Winds of change - Nosheen Saeed - Monday, April 04, 2011

It’s heartening that the quote “Change occurs when the pain of remaining the same is greater than the pain of changing” is gaining relevance amongst Pakistanis across-the-board. Two significant developments that interrupted the normal course of action by Pakistani legislators can be seen as signs of hope and change.

First, the protest and walkout of opposition lawmakers as soon as the president rose to address the joint sitting – simply refusing to listen to the head of state who had nothing tangible to offer: no vision, no strategy, no sense of direction, only lip service without commitment, hollow slogans without truth and empty promises that outrun performance – was hailed as a positive and refreshing move. For the first time the opposition presented itself as a harmonious whole having will and purpose. This suggests that in future smooth sailing would be a still more distant dream for the government and its much propagated policy of reconciliation now kaput.

Second, ten members of the Parliamentary Committee on Constitutional Reforms that prepared the 18th Amendment draft bill with consensus, incorporating 100 recommendations to restore the 1973 Constitution, refused to receive the Nishan-e-Imtiaz award from President Zardari. The special ceremony was held at the Presidency to confer civil and military awards on outstanding citizens for their accomplishments. Those who declined to receive the award included Sardar Mehtab Ahmad Khan, Ahsan Iqbal, Sen Ishaq Dar, JUI-F chief Maulana Fazlur Rehman, Sen Abdul Malik, Sen S M Zafar, Sen Shahid Hassan Bugti, and Sen Nawabzada Mir Haji Lashkari Raisani of the PPP.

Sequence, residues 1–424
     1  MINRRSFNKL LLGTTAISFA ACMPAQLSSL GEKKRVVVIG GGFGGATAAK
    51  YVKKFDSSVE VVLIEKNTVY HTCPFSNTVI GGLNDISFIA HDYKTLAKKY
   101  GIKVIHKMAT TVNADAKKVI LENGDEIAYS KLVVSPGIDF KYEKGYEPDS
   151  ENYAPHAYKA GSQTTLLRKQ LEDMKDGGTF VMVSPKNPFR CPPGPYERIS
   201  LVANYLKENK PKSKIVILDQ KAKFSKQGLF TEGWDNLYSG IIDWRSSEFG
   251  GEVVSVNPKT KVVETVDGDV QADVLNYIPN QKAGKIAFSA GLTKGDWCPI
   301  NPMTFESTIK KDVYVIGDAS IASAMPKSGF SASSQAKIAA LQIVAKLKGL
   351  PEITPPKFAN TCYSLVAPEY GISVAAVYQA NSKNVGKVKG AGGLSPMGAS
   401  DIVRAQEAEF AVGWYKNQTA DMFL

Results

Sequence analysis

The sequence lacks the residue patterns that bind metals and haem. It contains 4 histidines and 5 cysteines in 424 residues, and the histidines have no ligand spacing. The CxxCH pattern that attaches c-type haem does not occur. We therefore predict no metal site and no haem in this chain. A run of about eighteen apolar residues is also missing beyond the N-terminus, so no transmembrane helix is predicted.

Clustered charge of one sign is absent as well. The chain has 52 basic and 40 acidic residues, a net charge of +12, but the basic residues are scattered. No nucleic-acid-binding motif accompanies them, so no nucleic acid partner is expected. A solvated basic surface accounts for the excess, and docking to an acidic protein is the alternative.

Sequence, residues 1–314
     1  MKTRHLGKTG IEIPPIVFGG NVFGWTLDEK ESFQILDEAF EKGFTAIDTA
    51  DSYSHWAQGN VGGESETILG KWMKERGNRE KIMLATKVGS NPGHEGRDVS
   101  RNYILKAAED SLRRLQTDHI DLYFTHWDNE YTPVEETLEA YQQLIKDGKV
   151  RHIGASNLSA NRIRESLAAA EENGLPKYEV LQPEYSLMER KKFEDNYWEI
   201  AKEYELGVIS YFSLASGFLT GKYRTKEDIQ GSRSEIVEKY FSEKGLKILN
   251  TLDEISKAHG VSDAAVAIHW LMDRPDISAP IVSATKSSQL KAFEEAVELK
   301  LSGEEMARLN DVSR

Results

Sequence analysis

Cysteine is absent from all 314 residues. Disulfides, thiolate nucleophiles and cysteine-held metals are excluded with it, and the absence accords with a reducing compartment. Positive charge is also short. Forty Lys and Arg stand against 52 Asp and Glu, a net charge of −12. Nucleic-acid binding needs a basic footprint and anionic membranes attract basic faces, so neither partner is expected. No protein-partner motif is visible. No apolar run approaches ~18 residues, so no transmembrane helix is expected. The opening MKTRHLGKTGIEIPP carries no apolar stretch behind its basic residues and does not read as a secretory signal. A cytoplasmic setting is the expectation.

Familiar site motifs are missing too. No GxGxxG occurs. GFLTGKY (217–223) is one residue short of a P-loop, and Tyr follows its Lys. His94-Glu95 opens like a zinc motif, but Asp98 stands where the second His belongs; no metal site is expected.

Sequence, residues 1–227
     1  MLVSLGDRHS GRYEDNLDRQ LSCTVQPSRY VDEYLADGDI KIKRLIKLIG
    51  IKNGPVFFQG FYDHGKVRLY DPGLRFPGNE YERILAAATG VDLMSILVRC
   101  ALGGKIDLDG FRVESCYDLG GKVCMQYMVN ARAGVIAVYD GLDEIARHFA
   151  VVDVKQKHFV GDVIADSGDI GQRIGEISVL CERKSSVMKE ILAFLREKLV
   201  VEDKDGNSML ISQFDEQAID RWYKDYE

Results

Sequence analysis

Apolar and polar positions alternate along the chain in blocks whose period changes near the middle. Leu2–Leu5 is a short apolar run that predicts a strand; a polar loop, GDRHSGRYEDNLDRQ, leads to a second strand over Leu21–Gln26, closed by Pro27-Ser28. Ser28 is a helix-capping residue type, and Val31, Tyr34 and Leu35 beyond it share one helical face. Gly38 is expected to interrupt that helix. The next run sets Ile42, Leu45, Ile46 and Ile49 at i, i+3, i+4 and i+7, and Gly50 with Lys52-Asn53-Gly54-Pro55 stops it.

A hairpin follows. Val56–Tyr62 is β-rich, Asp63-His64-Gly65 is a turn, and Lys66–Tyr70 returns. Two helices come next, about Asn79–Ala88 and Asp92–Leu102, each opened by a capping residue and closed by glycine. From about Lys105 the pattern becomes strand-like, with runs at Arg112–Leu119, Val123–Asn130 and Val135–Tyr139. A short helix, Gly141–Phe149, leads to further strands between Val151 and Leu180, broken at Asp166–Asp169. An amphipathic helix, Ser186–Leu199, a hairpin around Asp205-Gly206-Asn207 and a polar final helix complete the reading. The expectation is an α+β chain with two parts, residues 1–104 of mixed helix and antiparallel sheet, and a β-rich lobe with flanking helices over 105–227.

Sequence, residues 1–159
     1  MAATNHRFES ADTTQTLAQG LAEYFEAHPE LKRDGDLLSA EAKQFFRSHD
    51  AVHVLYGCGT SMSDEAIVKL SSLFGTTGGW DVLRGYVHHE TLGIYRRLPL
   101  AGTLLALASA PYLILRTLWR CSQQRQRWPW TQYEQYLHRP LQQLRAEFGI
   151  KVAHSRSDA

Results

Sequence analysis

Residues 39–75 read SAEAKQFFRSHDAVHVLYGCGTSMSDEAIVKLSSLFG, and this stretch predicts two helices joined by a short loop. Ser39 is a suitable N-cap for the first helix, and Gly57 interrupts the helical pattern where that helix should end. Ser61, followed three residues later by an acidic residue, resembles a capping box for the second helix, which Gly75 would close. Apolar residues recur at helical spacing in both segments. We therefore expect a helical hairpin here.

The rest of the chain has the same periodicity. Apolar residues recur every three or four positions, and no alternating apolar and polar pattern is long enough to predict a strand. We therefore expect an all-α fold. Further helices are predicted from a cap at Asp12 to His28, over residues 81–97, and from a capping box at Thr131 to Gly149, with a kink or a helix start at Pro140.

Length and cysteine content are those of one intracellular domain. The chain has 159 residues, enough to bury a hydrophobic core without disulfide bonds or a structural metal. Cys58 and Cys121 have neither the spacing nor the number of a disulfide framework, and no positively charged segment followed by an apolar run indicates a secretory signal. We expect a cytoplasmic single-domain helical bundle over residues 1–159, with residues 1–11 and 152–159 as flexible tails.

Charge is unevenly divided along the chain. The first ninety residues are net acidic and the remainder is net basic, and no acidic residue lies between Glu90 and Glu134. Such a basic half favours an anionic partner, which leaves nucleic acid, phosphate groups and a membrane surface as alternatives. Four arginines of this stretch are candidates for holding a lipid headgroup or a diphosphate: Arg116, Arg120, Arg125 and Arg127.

Their absence demonstrated a complete breakdown of trust in President Zardari’s leadership, the demise of collaboration and consensus decision-making within the country and the overall erosion of confidence in the government’s policies.

In recent days, Pakistanis witnessed deliberate deceptiveness by the government. While claiming that parliament is supreme, it imposed new taxes worth billions through a presidential order, which opposition leaders consider illegal, undemocratic and unconstitutional. PML-N spokesman Ahsan Iqbal went to the extent of saying that the president should approve the budget through a presidential order too.

While stating that every state institution, including the judiciary, should be respected, the government incited the people of Sindh to hold protest demonstrations, made a call for a strike and a sit-in in front of the Sindh High Court building, all against the Supreme Court’s declaring the NAB chief Deedar Hussain Shah’s appointment illegal. The PPP’s strike call was unmistakably an attempt to fan provincialism and trigger anger against the judiciary in Sindh, and a scheme to cause bedlam in the province, which resulted in incidents of gunfire, vehicles being set ablaze and loss of innocent lives. Where in the world do sitting governments fuel anarchy?

Furthermore, a resolution was encouraged in the Sindh and Khyber-Pakhtunkhwa Assemblies for the condemnation of Chaudhry Nisar Ali Khan. The leader of the opposition in the National Assembly had filed a petition in the Supreme Court against the appointment of Deedar Hussain Shah as NAB chairman. This raising of the flag of confrontation was a clear negation of the government’s much trumpeted policy of reconciliation.